Quigley argues that the Milner Group played a decisive role in guiding the trajectory of the British Empire through the early and middle 20th century, especially the establishment of South Africa and the Empire’s later dissolution into the Commonwealth of Nations. However, his description presents an apparent contradiction. On the one hand, he paints the Milner Group as a driving force which shaped the path of British history for nearly a century, and enumerates many key events in which they played a major role. On the other hand, most of the individuals he describes seem unexceptional, and the events he chronicles (the consolidation of South Africa and the independence of South Africa and India) seem very similar to other events that were happening without the Milner Group’s influence (the consolidation of Australia and independence of Australia, Canada, and Ireland).

The Milner Group’s members are mostly people of solid but not remarkable competence. Most are politically adept, good at running projects, or both. They can do reasonably good work, but often need a lucky break or source of connections to attract the notice of an influential patron who dispenses appointments. They are held together by a combination of personal connections and ideological agreement, and ideological agreement is common enough that many people can be recruited this way. The visionary leaders, Alfred Milner and Lionel Curtis, advance a rather tepid vision that mixes federation and egalitarianism as the path to a flourishing civilization.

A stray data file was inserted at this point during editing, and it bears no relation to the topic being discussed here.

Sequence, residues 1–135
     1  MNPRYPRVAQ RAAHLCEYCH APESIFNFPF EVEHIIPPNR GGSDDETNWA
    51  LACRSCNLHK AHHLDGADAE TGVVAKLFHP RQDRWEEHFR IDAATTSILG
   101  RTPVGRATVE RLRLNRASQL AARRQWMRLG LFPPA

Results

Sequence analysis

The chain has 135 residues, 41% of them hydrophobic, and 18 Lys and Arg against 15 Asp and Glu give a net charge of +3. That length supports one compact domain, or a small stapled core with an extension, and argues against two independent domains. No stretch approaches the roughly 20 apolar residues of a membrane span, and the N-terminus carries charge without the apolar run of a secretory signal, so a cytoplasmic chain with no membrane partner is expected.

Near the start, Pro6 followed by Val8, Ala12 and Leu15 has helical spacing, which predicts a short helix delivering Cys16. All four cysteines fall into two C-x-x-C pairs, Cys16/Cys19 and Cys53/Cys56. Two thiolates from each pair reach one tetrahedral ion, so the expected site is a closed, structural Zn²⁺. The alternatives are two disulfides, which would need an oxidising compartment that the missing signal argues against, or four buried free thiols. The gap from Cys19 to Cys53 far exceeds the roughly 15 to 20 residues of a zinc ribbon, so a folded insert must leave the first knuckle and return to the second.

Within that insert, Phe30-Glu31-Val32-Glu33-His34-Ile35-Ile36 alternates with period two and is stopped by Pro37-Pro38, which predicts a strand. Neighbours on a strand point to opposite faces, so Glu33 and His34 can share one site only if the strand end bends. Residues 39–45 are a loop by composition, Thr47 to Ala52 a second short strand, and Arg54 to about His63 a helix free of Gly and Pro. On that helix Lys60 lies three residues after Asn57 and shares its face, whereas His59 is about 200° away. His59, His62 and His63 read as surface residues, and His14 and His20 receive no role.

The group has some competent planners but no strategists worth the name. Quigley laments that their long-term plans suffered for lack of an economist; by this he seems to mean a person with a comprehensive theoretical understanding of how societies function and change. Without such a person, it’s impossible to take a strategic approach to the sort of global statesmanship and memetic engineering that the Milner Group engaged in.